We watched as a Prothonatory Warbler dipped down to retrieve an insect off the water.
We wound our way into the lagoon. A Lesser Yellow-headed Vulture perched alongside the edge of the lagoon, and then took flight and circled, flying low over the marsh.
“You can differentiate them from other vultures as they always fly low over their territory,” Charlie explained.
Further along, a Laughing Falcon stood watch.
A flock of Wood Storks were circling overhead, and then settled on the water.
As we glided through the lagoon, we startled a mixed flock of Black-bellied Whistling Ducks and Blue-winged Teal and they took flight, with the teal in the lead. In flight we could see the white wing stripes and orange bills of the whistling ducks.
Back on the river, we stopped to watch a Lineated Woodpecker working in its nest hole.
“It is throwing wood chips out,” commented Fred.
A Caiman languished along the shore.
“It looks like it is smiling,” Marion commented.
Further along two Ringed Kingfishers erupted into a squabble. It appeared as if one of them was an interloper in the other’s territory.
We could have glided along the river much longer; however, it was time to return for lunch. As we walked from the boat, a churring sound erupted from the nearby reeds.
“Crake,” Niño said.
Charlie whipped out his iPod and started calling the White-throated Crake. We were determined to get a look at it, since the ones at Sarapiqui had eluded us. The crake started responding and pretty soon darted between clumps of marsh grass, but not everyone got a look. Niño walked down near the marsh hoping it would flush, while Charlie continued to call it. This time the rest of us saw it as it popped out momentarily.
A Tri-colored Heron posed nearby and a Barred Antshrike worked the trees along the path.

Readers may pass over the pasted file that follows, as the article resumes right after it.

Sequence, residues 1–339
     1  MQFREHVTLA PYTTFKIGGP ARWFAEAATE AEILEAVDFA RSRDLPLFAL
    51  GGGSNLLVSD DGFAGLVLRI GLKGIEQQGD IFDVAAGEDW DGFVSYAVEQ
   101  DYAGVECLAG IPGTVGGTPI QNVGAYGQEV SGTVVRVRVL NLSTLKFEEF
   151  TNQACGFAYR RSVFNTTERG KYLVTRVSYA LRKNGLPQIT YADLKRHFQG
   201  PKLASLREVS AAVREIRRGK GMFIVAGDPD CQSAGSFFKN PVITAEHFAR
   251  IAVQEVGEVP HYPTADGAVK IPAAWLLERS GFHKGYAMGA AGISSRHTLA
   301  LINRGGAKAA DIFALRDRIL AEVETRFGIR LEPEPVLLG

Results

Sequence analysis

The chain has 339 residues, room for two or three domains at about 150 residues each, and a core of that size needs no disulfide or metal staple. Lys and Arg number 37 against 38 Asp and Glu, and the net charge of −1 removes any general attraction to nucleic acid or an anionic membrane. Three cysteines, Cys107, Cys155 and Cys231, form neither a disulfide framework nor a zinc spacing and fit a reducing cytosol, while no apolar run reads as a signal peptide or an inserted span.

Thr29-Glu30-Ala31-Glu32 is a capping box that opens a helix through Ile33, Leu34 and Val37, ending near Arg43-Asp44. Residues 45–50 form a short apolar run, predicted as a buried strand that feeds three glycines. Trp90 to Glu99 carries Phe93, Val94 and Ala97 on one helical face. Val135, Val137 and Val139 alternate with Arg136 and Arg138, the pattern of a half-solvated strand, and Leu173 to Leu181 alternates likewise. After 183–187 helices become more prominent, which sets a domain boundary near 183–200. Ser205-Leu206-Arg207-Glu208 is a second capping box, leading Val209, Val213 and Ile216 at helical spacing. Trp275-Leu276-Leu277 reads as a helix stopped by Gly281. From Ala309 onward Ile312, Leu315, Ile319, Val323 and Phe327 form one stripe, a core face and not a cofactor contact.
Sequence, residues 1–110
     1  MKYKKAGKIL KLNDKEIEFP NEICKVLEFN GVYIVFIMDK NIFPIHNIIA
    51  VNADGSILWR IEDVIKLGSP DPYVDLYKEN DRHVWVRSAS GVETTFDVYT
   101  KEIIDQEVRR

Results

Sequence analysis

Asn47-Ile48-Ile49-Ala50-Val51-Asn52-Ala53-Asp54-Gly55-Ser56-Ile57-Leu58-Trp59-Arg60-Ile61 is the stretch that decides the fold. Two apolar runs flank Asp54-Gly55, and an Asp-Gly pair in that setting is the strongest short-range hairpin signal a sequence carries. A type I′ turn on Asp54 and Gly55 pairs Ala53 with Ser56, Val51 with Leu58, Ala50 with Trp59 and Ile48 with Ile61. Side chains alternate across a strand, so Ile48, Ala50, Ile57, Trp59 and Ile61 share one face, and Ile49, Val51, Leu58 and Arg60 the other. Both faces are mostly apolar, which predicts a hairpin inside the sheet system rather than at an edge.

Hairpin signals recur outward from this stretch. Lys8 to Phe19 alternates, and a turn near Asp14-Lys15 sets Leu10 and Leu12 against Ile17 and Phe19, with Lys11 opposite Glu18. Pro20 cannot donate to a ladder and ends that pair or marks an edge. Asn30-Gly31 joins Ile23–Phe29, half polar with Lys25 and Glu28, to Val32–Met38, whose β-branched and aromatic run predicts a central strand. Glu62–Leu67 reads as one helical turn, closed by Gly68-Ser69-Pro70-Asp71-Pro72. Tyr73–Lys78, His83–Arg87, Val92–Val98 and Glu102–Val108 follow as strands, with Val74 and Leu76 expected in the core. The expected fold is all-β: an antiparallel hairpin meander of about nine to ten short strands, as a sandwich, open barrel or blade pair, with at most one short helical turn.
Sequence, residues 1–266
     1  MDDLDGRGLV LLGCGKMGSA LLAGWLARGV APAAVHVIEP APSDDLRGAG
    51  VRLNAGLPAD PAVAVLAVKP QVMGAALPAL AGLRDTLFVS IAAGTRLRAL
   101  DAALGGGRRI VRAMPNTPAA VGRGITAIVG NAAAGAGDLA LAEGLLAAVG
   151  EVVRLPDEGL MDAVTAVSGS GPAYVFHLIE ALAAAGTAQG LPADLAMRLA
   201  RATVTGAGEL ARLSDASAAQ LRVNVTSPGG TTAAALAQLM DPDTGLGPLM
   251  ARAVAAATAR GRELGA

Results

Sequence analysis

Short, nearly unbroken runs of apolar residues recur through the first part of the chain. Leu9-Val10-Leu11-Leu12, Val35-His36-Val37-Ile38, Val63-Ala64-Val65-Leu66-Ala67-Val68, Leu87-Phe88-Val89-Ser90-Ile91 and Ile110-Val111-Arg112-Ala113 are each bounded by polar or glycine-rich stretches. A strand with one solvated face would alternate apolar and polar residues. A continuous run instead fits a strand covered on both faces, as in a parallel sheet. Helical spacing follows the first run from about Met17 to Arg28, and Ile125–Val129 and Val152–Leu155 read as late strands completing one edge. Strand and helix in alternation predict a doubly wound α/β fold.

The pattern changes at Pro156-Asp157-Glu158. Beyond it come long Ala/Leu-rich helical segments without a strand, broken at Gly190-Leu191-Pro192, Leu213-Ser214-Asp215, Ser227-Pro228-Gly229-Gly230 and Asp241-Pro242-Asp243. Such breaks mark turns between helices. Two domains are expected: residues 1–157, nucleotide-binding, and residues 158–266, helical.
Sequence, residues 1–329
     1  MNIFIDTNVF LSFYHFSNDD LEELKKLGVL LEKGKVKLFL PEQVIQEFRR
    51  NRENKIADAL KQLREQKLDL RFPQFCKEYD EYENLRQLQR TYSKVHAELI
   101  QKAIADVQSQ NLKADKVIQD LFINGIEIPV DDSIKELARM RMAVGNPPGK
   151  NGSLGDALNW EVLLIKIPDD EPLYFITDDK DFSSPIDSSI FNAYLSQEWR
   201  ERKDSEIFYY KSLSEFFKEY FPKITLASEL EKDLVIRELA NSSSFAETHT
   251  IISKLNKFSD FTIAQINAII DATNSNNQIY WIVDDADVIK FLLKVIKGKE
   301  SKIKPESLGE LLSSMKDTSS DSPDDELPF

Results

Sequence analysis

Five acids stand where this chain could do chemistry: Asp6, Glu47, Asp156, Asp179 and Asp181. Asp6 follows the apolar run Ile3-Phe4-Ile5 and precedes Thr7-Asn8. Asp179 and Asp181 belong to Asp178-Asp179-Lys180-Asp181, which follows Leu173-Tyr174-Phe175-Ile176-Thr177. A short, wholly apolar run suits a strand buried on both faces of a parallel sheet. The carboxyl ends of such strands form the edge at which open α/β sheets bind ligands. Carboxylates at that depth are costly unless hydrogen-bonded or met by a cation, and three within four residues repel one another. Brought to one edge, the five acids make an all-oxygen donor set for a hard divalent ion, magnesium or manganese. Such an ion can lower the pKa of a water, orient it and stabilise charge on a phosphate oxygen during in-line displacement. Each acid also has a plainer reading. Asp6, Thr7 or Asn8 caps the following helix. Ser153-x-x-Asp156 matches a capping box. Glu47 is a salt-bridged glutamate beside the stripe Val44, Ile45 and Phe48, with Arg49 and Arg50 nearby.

After our siesta, we walked around the town of Caño Negro. One of the residents had set out fruit on their grass, and Yellow-throated Euphonias and Red-legged Honeycreepers were feasting.
Variable and White-collared Seedeaters alternatively rustled in the grasses along the road and perched on the wires.
Charlie located a Lesser Nighthawk, still sleeping in a tree adjacent to a field where boys were playing fútbol.
“What kind of trees are these?” Stephanie asked as we walked along. They were planted in symmetrical rows.
“Teak,” Charlie replied.
Alongside the road, the teak farm was bordered by a ‘living fence,’ made by sticking branches of trees in the ground where they quickly sprout. They are kept pruned to fence height.
We watched a Golden-olive Woodpecker fly back and forth across the street. It was a new bird for the trip.
As we emerged from our rooms the next morning for our before-breakfast walk, two Green Ibis honked as they flew overhead and then landed in the tops of a nearby tree.
A Cocoa Woodcreeper was gleaning insects at the edge of the property.
Suddenly there was a cacophony of bird song from the fig tree adjacent to the dining hall. A flock of about 50 Orange-chinned Parakeets descended into the tree and started eating the fruit.
“They look like leaves, only fatter,” Joyce commented as we struggled to locate the parakeets once they landed in the tree.
They joined Yellow-crowned and Yellow-throated Euphonias, Blue-Gray Tanagers, Baltimore Orioles, Passerini Tanagers, and seedeaters. We could see flashes of yellow, blue, orange and red as they moved around the tree.
After breakfast it was time to load the bus and head towards our next stop. As we traversed the dirt roads leading to Upala, eagle-eyed Niño spotted a Trogon.. He stopped the bus so we could get out and take a look at the Violaceous Trogan. While we were watching, it flew off and it was replaced by a Black-headed Trogon!
A Keel-billed Toucan landed nearby, and then was off.
Blue-black Grassquits buzzed and flitted in the grass across the road.
Two Red-lored Parrots flew into a tree down the road. Crimson-fronted and Olive-throated Parakeets joined them.
At a marshy area we stopped to locate Gray-crowned and Olive-crowned Yellowthroats. Mark and Bill spotted a kite perched on a snag across the marsh. “It’s got to be a Plumbeous Kite,” Mark stated.
“You are probably right,” Charlie confirmed. “Mississippi Kites should be in Argentina right now.”
And then it was time to head to the dry side of Costa Rica.